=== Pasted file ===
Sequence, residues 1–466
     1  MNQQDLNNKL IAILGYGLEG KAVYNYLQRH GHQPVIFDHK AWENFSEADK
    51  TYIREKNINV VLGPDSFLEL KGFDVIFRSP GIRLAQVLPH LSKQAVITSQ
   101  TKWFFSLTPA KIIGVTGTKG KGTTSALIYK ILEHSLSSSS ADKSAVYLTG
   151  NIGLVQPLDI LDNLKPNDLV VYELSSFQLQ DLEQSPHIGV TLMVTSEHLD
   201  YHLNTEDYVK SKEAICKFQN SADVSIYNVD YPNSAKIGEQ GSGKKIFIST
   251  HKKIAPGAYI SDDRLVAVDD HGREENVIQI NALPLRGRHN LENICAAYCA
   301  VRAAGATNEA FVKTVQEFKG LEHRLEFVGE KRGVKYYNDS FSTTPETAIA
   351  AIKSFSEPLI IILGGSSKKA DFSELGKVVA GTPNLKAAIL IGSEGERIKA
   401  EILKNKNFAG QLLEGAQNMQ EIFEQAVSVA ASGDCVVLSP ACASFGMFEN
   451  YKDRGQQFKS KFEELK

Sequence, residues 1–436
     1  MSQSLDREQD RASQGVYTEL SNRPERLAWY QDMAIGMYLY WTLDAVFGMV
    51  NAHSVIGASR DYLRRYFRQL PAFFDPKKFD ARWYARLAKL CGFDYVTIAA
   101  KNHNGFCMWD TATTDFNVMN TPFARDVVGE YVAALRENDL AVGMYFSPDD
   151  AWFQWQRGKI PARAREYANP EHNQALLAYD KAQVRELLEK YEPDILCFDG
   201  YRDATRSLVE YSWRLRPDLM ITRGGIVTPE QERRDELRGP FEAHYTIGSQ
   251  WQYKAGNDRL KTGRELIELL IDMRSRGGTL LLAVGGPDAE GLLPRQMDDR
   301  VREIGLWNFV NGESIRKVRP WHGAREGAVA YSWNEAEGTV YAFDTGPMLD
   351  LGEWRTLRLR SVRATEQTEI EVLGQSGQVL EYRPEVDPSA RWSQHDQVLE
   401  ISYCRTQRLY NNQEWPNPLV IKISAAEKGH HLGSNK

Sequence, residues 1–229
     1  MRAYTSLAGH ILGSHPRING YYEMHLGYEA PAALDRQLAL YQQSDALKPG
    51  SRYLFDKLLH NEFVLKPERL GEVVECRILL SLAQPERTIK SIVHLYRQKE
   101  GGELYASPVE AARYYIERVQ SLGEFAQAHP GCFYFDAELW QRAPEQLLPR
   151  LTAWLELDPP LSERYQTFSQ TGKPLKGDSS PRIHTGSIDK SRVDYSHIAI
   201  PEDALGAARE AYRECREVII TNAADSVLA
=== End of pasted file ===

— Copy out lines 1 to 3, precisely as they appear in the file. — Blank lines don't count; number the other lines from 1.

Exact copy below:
Sequence, residues 1–466
     1  MNQQDLNNKL IAILGYGLEG KAVYNYLQRH GHQPVIFDHK AWENFSEADK
    51  TYIREKNINV VLGPDSFLEL KGFDVIFRSP GIRLAQVLPH LSKQAVITSQ